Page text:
The orthodontic template may be fabricated by producing, as the orthodontic template, a physical model of the orthodontic structure with the at least a portion of the selected orthodontic apparatus placed thereon from the digital model of placement of the selected orthodontic apparatus on the digital model of the orthodontic structure. Alternatively, the orthodontic template may be generated by producing, as part of the orthodontic template, an over-mold from the physical model of the orthodontic structure with the at least a portion of the selected orthodontic apparatus placed thereon; and installing physical embodiments of the at least a portion of the selected orthodontic apparatus into the over-mold.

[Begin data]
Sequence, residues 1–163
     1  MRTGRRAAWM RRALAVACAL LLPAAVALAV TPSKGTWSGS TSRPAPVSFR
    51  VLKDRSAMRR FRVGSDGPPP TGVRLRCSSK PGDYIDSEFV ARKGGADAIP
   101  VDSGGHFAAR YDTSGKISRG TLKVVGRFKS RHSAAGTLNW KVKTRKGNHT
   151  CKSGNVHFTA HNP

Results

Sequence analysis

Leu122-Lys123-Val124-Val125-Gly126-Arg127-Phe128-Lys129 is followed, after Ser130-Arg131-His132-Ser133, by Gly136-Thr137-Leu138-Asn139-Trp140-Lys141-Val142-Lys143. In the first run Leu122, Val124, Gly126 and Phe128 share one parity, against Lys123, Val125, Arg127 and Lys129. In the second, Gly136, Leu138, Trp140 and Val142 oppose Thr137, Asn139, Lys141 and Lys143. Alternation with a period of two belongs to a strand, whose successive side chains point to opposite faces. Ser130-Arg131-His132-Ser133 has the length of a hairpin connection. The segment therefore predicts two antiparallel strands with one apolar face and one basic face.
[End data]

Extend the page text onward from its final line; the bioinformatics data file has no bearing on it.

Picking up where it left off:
As another alternative, the orthodontic template may be generated by producing a physical model of the orthodontic structure from the digital model of the orthodontic structure; and automatically placing the at least a portion of the selected orthodontic apparatus on the physical model of the orthodontic structure based on the digital model of placement of the selected orthodontic apparatus on the digital model of the orthodontic structure. From this process, the generation of the orthodontic template may further include producing, as part of the orthodontic template, an over-mold from the physical model of the orthodontic structure with the at least a portion of the selected orthodontic apparatus placed thereon; and installing physical embodiments of the at least a portion of the selected orthodontic apparatus into the over-mold. As an alternative additional processing, the generation of the orthodontic template may further include producing, as part of the orthodontic template, an over-mold from the physical model of the orthodontic structure with the at least a portion of the selected orthodontic apparatus placed thereon; and removing the over-mold from the physical model such that the at least a portion of the selected orthodontic apparatus is contained in the over-mold, wherein the automatic placement of the at least a portion of the selected orthodontic apparatus on the physical model of the orthodontic structure utilized a temporary bonding agent.